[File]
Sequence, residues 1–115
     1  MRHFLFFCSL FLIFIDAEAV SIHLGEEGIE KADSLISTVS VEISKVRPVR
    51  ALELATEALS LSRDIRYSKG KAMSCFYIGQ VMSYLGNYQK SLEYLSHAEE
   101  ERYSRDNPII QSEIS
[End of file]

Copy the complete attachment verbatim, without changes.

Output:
Sequence, residues 1–115
     1  MRHFLFFCSL FLIFIDAEAV SIHLGEEGIE KADSLISTVS VEISKVRPVR
    51  ALELATEALS LSRDIRYSKG KAMSCFYIGQ VMSYLGNYQK SLEYLSHAEE
   101  ERYSRDNPII QSEIS